What do you do when you're called to play second fiddle? It's one thing to be the 'go-to guy,' the one who is given the ball in crunch time. It's entirely another to be asked to hold the clipboard for that guy.
In a few days Tim Tebow has moved from being 'the man' in Denver to a backup in Denver to a backup in New York. The journey from here on will be an interesting one.
Unless you're living under a rock you will have heard that the Denver Broncos signed quarterback Peyton Manning to a seven year contract worth $95 million this week. That immediately kickstarted the discussions on where Tebow would wind up. Tim lead the Broncos to 6 straight victories to save Denver's season last year and won a playoff game. However, his unconventional style and inconsistent passing game had many questioning his ability over the long haul.
Would he be kept as backup to Peyton Manning, learning from one of the greatest quarterbacks of all time? Or would he be traded to the Jacksonville Jaguars, back home where he became a college legend, leading his Florida Gators to the national championship? Instead, he ended up with the New York Jets, who only recently signed their starting quarterback, Mark Sanchez, to a contract extension.
Jets General Manager Mike Tannenbaum was quick to point out that "Mark Sanchez is, has been and will be our starting quarterback." You don't have to be a genius to see that this puts Tebow in a challenging position.
There are a lot of Tebow fans out there, and there are also a lot of detractors. Many are critical of his arm, his throwing style and his very public faith. Fans, on the other hand, point out that everywhere Tebow has gone he has won and his teammates love him. How will he respond to what many players would perceive to be a very public demotion?
As you would expect from Tim Tebow, he has thus far responded with grace. He has nothing but good things to say about not only the New York Jets organization, but the Broncos as well. Here are his comments after the deal was finalized: “My goal is to push (Sanchez) to get better, and to push myself to get better every day,” Tebow said. “But I think we’ll have a great working relationship. We’ll have a great relationship off the field, and we’ve had that the last few years. He’s such a classy guy and handles himself so well, and I’ll be very honored to call him my teammate.”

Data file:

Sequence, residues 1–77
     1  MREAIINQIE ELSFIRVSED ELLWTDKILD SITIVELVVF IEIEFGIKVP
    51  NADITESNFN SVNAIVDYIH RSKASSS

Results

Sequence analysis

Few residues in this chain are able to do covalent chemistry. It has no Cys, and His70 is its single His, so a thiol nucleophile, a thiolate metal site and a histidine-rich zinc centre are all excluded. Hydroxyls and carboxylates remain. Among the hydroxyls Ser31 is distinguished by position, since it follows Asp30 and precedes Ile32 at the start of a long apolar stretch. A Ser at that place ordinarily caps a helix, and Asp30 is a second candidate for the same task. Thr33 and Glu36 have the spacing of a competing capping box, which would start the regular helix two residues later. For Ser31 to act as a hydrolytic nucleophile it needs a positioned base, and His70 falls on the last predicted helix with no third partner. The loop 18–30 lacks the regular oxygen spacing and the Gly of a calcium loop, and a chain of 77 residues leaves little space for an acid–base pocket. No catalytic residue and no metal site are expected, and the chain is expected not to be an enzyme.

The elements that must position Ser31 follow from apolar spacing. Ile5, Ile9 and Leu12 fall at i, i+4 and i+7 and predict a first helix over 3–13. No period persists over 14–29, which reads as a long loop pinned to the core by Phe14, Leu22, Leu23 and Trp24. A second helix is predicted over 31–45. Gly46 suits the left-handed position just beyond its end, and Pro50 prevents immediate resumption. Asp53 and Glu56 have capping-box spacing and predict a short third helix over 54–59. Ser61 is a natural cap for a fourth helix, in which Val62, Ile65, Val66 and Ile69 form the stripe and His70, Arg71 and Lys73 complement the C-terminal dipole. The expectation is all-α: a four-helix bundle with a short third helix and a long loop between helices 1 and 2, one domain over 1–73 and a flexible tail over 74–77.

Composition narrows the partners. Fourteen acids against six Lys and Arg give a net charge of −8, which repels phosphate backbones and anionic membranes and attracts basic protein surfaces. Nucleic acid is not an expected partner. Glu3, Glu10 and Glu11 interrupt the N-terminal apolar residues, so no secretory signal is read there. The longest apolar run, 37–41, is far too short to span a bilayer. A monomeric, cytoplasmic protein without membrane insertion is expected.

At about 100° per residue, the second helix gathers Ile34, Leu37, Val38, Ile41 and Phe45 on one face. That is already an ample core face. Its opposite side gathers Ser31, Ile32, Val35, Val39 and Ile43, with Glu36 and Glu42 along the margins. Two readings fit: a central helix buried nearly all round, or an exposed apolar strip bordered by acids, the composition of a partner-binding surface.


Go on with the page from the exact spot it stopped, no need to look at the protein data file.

This is part of the reason I like this kid so much, he recognizes that life is more than football, and regardless of what life throws you, we're still responsible to do the right thing. It's a good lesson for all of us to remember. There are some things in life that you can't control, for him, right now, this is one of them. Another thing he can't control is what others say about him.
None other than all-time great Joe Namath has come out slamming the deal. “I’m just sorry that I can’t agree with this situation. I think it’s just a publicity stunt. I can’t go with it. I think it’s wrong,” Namath told 1050 ESPN Radio on Wednesday. “I don’t think they know what they’re doing over there.” Jay Leno included in his monologue last night some relatively lighthearted digs at Tebow's faith. It will be interesting to see how he's received by New York fans.
There are lessons in this for all of us. First of all, there's the lesson of perspective. As Tebow has often said, he gets to play a game for a living, and is paid well for it, whether in Denver, New York or elsewhere.
Secondly, there's the lesson of Lordship. Tebow learned a long time ago that God is ultimately in charge. He works hard, does his best, and prays and asks for God's will to be done. Sometimes the outcome is not what we expect, but that's okay. Along with this lesson comes the ability to trust. If God is in charge, I don't have to be. I can rest in the fact that He wants the best for me, so can anyone who trusts in Him.
This week's events may not have been expected, but it will be interesting to see where they lead. I, for one, wish both Tim and Peyton well. I also hope that Tim can continue to keep his heart in the right place, my guess is that he'll be just fine.
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